Title: The Wrath and the Dawn (The Wrath and the Dawn, #1)
by Renée Adhieh
Date of Publication: May 12th 2015
Genre: Young Adult | Fantasy
A sumptuous and epically told love story inspired by A Thousand and One Nights
Every dawn brings horror to a different family in a land ruled by a killer. Khalid, the eighteen-year-old Caliph of Khorasan, takes a new bride each night only to have her executed at sunrise. So it is a suspicious surprise when sixteen-year-old Shahrzad volunteers to marry Khalid. But she does so with a clever plan to stay alive and exact revenge on the Caliph for the murder of her best friend and countless other girls. Shazi's wit and will, indeed, get her through to the dawn that no others have seen, but with a catch . . . she’s falling in love with the very boy who killed her dearest friend.
She discovers that the murderous boy-king is not all that he seems and neither are the deaths of so many girls. Shazi is determined to uncover the reason for the murders and to break the cycle once and for all.
“For love, people consider the unthinkable...and often achieve the impossible.”Wow.
That was the only word I could think of when I reached the last page of this book—wow. Wow, the characters were awesome. Wow, the narration was one-of-a-kind. Wow, the world presented was very rich. Wow, the plot was flawless. Wow, it got me feeling like I just went on a roller coaster ride. 10 times. Wow, I’m left speechless aside from the tears and incomprehensible babble in my head. Holy Hera it was wow.
Honestly, I don’t know where to begin. How can one move on from reading TWATD? All I can see in my head are exclamation points because I still can’t believe, still can’t grasp the overall awesomeness of this book. But I’ll try and narrow it down to different points.
First, the setting is breathtaking. I never knew I’d be in love in an Arabian country but oh, wow. I now fully understand why we need diversity in the Young Adult world. I think if this story wasn’t written or if this wasn’t set in this specific place and time, it’d have been a big loss in the literary world. The culture was rich and also intense. The way the palace of the caliph was described was just perfect, though the city wasn’t described that well. It would have been better if it was given more exposure but since most of the happenings took place inside the palace, it was understandable.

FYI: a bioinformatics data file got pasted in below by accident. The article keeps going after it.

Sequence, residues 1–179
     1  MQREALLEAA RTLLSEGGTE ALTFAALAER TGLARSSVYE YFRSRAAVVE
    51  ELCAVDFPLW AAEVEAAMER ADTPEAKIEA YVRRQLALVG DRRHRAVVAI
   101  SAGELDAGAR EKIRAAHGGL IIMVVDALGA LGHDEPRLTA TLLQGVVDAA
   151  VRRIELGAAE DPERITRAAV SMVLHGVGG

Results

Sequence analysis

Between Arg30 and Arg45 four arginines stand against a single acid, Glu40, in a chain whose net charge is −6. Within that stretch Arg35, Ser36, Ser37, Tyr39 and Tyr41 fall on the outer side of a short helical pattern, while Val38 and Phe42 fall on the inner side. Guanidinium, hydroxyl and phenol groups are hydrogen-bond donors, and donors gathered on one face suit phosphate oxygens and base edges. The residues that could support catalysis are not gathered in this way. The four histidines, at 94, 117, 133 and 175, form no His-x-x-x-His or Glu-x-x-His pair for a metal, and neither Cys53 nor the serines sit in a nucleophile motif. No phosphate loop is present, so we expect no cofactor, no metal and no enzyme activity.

Second, the characters were remarkable. Seriously, they were very distinct from each other and from every other Young Adult book I have read in my entire bookworm life. Shahrzad is now definitely on my list of favorite YA heroines ever. She’s fierce, determined, strong, and defiant with a loyalty that’s arguably one of the most impressive I’ve read, ever. Gosh, I just love her. Then, there’s Khalid. Oh my god, Khalid. He’s so...broody! And also passionate, strong, intense and aggressive but underneath all that, he’s also very gentle and kind and so, so sweet. He made me feel all kinds of emotion from one end of the spectrum to the other. He’s just so raw in his emotions—anguish, jealousy, exhilaration, remorse—and I can’t help but feel for him and love him.
There are other characters, too, that I really loved like Jalal and Despina. Then there were those I hated like Tariq, Jahandar and Salim. They all brought something to the table and the drama and chaos were more intense because of all of them. Ms. Ahdieh’s characterization was really phenomenal because her characters have depth and richness to them that made me feel...more. These characters are really my favorite part of this whole book.
Lastly, the plot and narration was very poetic/romantic/lyrical. I went into this book blind—I didn’t know what it was about, didn’t that it was inspired by Arabian Nights and if I did, well, I didn’t know what Arabian Nights was. But I was instantly hooked in the prologue and I just can’t not continue to read and devour this book. It was told in different 3rd person POVs (kind of like omniscient 3rd person) and I admit, sometimes I don’t want to read Tariq’s POV because, hello I don’t like you so go away because you ruin everything, but this style of writing was actually very practical since there were different sides to the narrative. The story was told successfully because of this, so kudos to that. I also love how the story didn’t just focus on the romance but also dealt with family issues and friendship and I really liked that.
There were still unanswered questions and the ending was just heartbreaking and a cliffhanger (seriously, no closure at all) so, in other words, it was the perfect way to end it.
Having said all of that, I guess it’s evident that I really loved this book. This review wasn’t as long as others I’ve written, but it’s because I’m having a hard time putting into the words the sheer magnificence of this book.
5/5 + Stars
About the Author:
I’m also a member of the Society of Children’s Book Writers and Illustrators, as well as an active member of theScience Fiction & Fantasy Writers of America.